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You are here: Home / Data Storage / It's Take Two for Apple's SAN System
It's Take Two for Apple's Enterprise Storage with Xsan 2
It's Take Two for Apple's Enterprise Storage with Xsan 2
By Richard Koman / CRM Daily Like this on Facebook Tweet this Link thison Linkedin Link this on Google Plus
Apple today announced a major upgrade to Xsan, its enterprise-class storage area network (SAN) file system for Mac OS X. Xsan 2 represents the first upgrade since the original product was released in 2005.

The new version of Xsan introduces MultiSAN, which allows users to access multiple SANs at the same time from a single workstation. MultiSAN offers significant speed improvements because it allows file copies from one SAN volume to another directly over FibreChannel. This could be important in enterprise scenarios like newsrooms where users have to access broadcast and print-production files at the same time.

Keeping It Simple

Apple said Xsan 2 simplifies setup and deployment through the redesign of its administration tools. Administrators can now preset volume workload settings for "optimal streaming of all file types," Apple said. The system can handle huge files like compressed high-def video as well as small data-center files.

In addition, Appled explained, the Xsan Admin module is designed to simplify tasks such as expanding a volume, optimally configuring volume settings, or managing file system permissions. The system represents SAN components such as computers, volumes, and LUNs as "assets" and prominently displays an overview of SAN health.

The new version of Xsan also has other features to improve performance, particularly in large SANs with dozens or even hundreds of individual nodes. The Inspector feature provides information about volumes, LUNs, computers, and the other components that make up a storage network. Xsan 2 also includes new options for connecting to remote computers and servers using Server Admin, SSH, and screen sharing.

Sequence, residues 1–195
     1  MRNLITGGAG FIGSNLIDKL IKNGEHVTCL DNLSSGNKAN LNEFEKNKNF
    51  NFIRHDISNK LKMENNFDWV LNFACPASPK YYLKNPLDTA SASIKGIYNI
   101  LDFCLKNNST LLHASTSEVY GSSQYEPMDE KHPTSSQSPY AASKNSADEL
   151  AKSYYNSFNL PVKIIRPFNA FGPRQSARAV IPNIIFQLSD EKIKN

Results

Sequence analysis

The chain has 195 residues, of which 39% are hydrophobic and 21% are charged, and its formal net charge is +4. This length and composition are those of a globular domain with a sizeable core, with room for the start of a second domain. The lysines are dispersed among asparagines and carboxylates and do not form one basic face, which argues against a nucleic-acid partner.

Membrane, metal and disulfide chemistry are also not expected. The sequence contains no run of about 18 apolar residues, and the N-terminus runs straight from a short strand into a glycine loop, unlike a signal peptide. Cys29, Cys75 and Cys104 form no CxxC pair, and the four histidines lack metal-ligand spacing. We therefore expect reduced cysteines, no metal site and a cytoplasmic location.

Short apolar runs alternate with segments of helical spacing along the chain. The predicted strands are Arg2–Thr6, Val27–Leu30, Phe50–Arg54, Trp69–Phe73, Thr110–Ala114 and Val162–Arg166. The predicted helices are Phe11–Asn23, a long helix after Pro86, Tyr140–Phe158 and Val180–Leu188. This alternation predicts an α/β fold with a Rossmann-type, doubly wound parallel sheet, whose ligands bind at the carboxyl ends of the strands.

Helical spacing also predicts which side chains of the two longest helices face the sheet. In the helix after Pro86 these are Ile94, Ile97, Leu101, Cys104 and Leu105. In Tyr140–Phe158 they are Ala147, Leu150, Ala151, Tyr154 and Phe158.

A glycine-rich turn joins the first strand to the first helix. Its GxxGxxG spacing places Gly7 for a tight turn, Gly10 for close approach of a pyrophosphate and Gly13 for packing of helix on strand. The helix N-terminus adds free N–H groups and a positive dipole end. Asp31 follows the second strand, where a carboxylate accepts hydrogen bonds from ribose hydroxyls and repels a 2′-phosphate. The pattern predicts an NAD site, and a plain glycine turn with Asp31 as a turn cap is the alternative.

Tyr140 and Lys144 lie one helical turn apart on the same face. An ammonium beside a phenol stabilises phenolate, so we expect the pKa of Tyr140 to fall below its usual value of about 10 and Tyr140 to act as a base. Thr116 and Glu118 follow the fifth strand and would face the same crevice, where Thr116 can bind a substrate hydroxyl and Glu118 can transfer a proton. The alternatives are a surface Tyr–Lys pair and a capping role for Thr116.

Other Changes

Xsan 2 integrates with OS X Leopard features -- so users can, for instance, search across volumes with the Spotlight feature -- and Leopard Server features, like iCal Server and Mail Server, to support clustered file systems to maximize performance and availability.

Unlike its predecessor, the new version of Xsan has been qualified to work with third-party RAID storage hardware. Although Apple has not officially announced this, some are speculating that Xsan 2 may signal the future demise of Apple's XServe RAID product.

Apple is promoting the Promise VTrak RAID, which it says has been "tuned and optimized" for Xsan, Mac OS X Server and Apple's professional programs.

The Bottom Line

I.T. analyst Charles King with Pund-IT thinks Apple is taking an "intelligent approach" by emphasizing ease of use. "Setup and management are traditionally complex with SANs," he added. "Once you get it set up it's a great option, but setup is a real pain, so making the process as easy as possible is good way to go."

Even so, he pointed out, Apple remains a relatively small player in the market and every SAN vendor is working on simplifying setup. "Their customers will applaud and appreciate the improvements, but it's not a great differentiator for Apple."

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